If you want to save money you compare prices, you search for the cheapest offer -- and find it in Eastern Europe or Asia: Gold teeth from Hungary or a new hip from Thailand. "Medical tourism" is on the rise in Europe.
Ouch! But it's cheap
The dental clinic with the catchy name "Diamond Dent" peddles its services with "Toothweeks": A taxi service, accommodation and a leisure program included for those who would like to have their gold crowns installed in between a goulash party and a tour through Budapest.
And that resourceful package deal for customers isn't the only service of its kind: some 150 dental practices thrive in Mosonmagyarovar, a small Hungarian city located 70 kilometers (43 miles) from Vienna. All of them woo wealthy patients from abroad.
Searching for bargains
An increasing number of "medical tourists" jet around the globe hunting for bargains: Teeth from Hungary, new noses and breasts from the Czech Republic, a cheap hip from Thailand or an eye operation in Turkey.
According to a survey by the Institute for International Economy in Hamburg, US citizens alone spend around $6 million (€4.9 million) for medical treatment in Latin America. India expects an additional $1 billion turnover by the year 2012 in the field. As early as 2001, more than 70,000 private patients flew to Malaysia for medical treatment. "medical tourism" is definitely booming.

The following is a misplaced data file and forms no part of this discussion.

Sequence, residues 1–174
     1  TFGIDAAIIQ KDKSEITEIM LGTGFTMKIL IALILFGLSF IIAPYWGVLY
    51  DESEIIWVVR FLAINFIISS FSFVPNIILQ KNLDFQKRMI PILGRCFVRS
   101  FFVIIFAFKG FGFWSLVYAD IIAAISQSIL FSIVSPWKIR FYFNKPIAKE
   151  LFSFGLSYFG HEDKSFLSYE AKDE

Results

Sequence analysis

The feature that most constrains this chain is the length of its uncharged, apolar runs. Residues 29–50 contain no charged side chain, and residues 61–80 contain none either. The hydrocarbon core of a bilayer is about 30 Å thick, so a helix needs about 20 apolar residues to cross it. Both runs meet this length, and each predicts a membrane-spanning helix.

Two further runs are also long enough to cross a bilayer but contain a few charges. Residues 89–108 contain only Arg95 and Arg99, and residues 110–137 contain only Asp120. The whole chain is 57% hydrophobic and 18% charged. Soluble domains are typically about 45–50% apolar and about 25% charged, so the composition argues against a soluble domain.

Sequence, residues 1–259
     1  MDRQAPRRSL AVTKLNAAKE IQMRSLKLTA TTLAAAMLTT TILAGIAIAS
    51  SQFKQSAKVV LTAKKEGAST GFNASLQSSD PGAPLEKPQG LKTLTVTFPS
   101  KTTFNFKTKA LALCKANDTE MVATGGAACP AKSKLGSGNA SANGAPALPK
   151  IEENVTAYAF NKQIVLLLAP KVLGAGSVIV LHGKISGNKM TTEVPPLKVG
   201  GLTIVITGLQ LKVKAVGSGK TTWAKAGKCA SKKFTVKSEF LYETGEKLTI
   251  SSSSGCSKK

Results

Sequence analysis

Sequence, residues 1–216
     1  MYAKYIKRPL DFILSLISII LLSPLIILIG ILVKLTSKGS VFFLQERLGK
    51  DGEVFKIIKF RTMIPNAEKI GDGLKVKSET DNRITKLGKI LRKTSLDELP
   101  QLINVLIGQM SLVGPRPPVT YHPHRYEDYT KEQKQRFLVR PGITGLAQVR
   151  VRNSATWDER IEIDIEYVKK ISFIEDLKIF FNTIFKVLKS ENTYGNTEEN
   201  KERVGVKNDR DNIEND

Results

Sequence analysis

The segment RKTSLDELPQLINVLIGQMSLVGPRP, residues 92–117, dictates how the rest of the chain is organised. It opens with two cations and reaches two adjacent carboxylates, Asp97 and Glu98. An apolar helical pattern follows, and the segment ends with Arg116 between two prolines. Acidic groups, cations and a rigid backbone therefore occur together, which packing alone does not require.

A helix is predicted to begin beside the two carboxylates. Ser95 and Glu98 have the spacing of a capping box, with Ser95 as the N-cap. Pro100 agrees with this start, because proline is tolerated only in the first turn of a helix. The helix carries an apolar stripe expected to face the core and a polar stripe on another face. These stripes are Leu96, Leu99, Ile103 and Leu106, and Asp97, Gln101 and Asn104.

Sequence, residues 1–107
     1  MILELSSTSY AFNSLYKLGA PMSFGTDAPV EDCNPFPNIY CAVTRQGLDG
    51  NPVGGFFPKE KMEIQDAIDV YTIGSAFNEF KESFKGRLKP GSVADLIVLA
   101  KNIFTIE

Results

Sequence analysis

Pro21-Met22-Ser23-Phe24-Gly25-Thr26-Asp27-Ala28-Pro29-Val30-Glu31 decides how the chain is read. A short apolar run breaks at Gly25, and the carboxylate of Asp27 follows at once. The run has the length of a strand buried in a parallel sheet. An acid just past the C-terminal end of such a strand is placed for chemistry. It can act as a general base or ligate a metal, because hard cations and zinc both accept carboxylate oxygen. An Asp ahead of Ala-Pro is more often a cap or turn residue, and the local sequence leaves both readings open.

Low wages the secret
The head of "Diamond Dent," Adrienne Roth, confirms it. Ninety-eight percent of roughly 40 patients she sees daily are western Europeans, she says.
Business is flourishing and Roth says there is a reason for that. "We're cheaper. Implants here in Hungary cost €620, in Germany you have to pay a minimum of €1,000." The quality is the same, she says and adds that the cheaper prices are due to lower wages. A technician in Hungary earns around €300 a month, while in Germany wages are five times as high, Roth says.
Health insurance pays, sometimes
Barbara Mahnach of the state health insurance AOK's national association in Germany explains that medical treatments in EU countries are covered by health insurance. "Such a trip can be worthwhile because the patient's own contribution decreases."
But German health insurers don't cover the expenses of medical treatment beyond EU borders.
A bathing holiday including plastic surgery
It isn't difficult to figure out why. Several Asian countries have turned hospital stays for western tourists into something of a luxury vacation. Savvy tourist agencies have been quick to cash in, offering package tours that include a beach holiday and surgery.
Ralf Krewer, marketing head at Bangkok Hospital, says such a vacation pays off. "The people in Europe pay a huge amount of money only for medical treatment but here they can have both, medical treatment and a holiday for the same price." Krewer says the quality of treatment is even better than in Germany.
In the face of such attractive offers, many seem prepared to forget the things that could go wrong during operations. Some 650,000 medical tourists are estimated to have traveled to Thailand last year.
Medical tourism in Germany
But the rush to get cheap treatment in other countries seems to work the other way around too. British and Norwegian citizens travel to Germany because of the long waiting periods and low capacities at home.
According to Professor Peter Oberender, a health economist at the University of Bayreuth, an estimated 10,000 patients do so every year. Rich Russians and patients from Arab countries are also attracted by the good reputation of German medical care.
"These wealthy patients from abroad are highly attractive, because they bring in additional income and guarantee profits," says Oberender.